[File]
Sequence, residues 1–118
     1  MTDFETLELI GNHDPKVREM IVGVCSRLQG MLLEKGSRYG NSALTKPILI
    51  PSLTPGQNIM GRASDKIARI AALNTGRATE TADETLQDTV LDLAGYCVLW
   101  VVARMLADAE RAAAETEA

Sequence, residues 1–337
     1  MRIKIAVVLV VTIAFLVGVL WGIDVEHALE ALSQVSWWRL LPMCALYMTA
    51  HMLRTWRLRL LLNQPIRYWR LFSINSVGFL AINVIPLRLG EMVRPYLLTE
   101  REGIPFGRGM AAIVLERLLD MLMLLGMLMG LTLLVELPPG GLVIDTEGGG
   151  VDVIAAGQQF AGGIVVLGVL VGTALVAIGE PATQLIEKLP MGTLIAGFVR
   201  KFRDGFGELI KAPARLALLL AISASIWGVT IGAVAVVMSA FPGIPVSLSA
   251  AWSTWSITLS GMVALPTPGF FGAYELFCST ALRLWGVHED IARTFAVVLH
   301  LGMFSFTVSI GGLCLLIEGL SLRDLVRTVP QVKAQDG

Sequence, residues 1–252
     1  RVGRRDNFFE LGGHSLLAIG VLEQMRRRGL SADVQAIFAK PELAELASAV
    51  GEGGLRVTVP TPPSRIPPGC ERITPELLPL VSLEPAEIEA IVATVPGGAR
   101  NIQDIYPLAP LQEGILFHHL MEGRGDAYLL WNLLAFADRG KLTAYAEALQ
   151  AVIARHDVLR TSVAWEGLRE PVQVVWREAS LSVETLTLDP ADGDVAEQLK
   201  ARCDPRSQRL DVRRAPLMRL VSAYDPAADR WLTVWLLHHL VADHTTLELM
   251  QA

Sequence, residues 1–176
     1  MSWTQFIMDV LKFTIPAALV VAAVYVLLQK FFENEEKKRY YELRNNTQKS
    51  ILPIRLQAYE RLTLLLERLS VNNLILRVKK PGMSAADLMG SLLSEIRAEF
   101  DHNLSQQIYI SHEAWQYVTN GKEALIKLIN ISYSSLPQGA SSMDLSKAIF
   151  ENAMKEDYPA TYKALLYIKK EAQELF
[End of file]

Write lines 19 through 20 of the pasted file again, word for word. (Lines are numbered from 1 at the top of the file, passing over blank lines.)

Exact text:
   251  QA

Sequence, residues 1–176